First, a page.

When the University closed in March, Patti Munster had some time on her hands. Scrolling through Facebook, she noticed her hometown ambulance service needed face masks. She had some fabric in a closet so she thought she’d give it a try. A couple of hours later, she had her first one.
That was more than 1,000 masks ago, and now she’s a mask-making machine. The administrative aide in the Dean of Students Office (DOS) has been back at her desk since June, but has still found time to make face coverings for first responders, health care workers, nursing home residents, volunteers who distributed lunches to children, the entire office staff, retirees, even employees at Meijer.
“There’s a learning curve but believe me, I’ve got it down,” she said, estimating it only takes her about 10 to 15 minutes now. “It just gives me joy to do it, it really does,” she said. “And for other people to know you care enough to do that, it gives them hope.”
Using ISU fabric donated by Jill Benson, associate dean of students, Munster has sewn about 50 masks for office staff. She takes custom orders, with the most unusual being one made from a Crown Royal Canadian whiskey bag. She’s mailed them to Ohio and Iowa, left dozens on her porch, and delivered several when someone asked for one.
All materials have been donated. She believes that allowing others to give is a gift of its own.
“If you don’t receive, someone else can’t give,” she said. “It takes both.”
Every morning she’s up at 4:20 a.m. for a mile-long walk. On an afternoon walk, she spoke to a woman on her porch, asking if she had a mask. She didn’t, so Munster went home, picked up a dozen, and left them at her door.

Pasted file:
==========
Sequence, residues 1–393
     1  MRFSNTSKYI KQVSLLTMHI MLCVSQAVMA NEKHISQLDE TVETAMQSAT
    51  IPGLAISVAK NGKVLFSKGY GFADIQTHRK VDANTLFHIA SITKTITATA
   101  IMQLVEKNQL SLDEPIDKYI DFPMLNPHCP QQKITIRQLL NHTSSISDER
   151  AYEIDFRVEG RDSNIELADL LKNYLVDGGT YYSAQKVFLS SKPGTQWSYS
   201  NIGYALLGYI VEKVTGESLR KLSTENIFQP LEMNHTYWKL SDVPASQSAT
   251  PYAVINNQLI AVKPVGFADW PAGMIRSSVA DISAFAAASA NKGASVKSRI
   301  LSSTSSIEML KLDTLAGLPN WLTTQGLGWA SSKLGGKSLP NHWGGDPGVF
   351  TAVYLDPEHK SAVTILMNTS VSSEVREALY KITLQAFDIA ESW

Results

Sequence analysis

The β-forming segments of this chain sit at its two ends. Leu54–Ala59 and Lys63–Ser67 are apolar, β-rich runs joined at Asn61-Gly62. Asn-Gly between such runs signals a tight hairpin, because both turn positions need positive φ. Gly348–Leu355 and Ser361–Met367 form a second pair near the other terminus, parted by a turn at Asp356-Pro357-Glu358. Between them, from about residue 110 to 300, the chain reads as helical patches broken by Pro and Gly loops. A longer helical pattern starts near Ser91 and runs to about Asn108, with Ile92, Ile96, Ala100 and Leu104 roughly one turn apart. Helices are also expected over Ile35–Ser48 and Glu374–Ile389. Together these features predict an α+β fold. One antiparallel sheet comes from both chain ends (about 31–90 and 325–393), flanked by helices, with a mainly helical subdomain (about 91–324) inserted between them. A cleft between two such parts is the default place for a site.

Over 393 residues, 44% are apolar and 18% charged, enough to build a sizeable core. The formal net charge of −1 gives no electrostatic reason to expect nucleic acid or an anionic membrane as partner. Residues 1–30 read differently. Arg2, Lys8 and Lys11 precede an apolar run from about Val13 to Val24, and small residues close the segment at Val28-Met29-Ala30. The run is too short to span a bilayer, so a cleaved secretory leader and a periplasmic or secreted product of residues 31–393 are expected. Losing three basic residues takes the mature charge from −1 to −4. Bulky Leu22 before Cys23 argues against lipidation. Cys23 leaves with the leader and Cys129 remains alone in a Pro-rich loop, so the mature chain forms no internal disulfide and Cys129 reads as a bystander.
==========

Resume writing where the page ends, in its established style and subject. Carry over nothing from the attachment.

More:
She made three to four dozen for Meijer employees. When she heard about a Walmart employee who was getting headaches from wearing a mask over a 12-hour shift, she custom fit him. She made eight so he’d always have a clean one.
“Whatever it takes,” she said. “This is my therapy. I feel like this is something I can do when you feel like you can’t do anything.”
She’s worn out a rotary cutter, a tool used to cut fabric. Now she uses scissors, which makes it go a little slower. Some days she overdoes it and has to prop her aching forearms up on a pillow while cutting and pinning. She’s made as many as 30 masks in one day.
When people offer to pay her, she won’t accept a dime.
“I tell them to help somebody else,” she said. “When you order out at lunch, give your server or the person who delivers it an extra tip. Just pay it forward, do something for somebody else that would make a difference to them.”
The first time she learned to cut and stitch was under the eyes of her mom, who died when she was 11. Her stepmother continued to teach her sewing skills.
Masks aren’t her favorite thing to wear. As soon as she’s out of a building, she takes it off. She also doesn’t keep many for herself, just one for each car and four for work.
Benson said it’s not unusual for the subject of masks to come up when someone drops by Munster’s desk.
“On a nearly daily basis I overhear her say to someone, ‘Do you have a mask?’” she said.
Laura Willis is the LeRoy Emergency Ambulance Service Administrator who started this when she put out the Facebook call for masks. She had a limited supply of personal protective equipment for her crews, who transport about 2,000 patients a year. Munster provided her with her first mask, and then made dozens more.
“Those 50 to 100 bloomed into something way bigger than what we were expecting,” Willis said. “She went above and beyond.”
And she has no intention of stopping.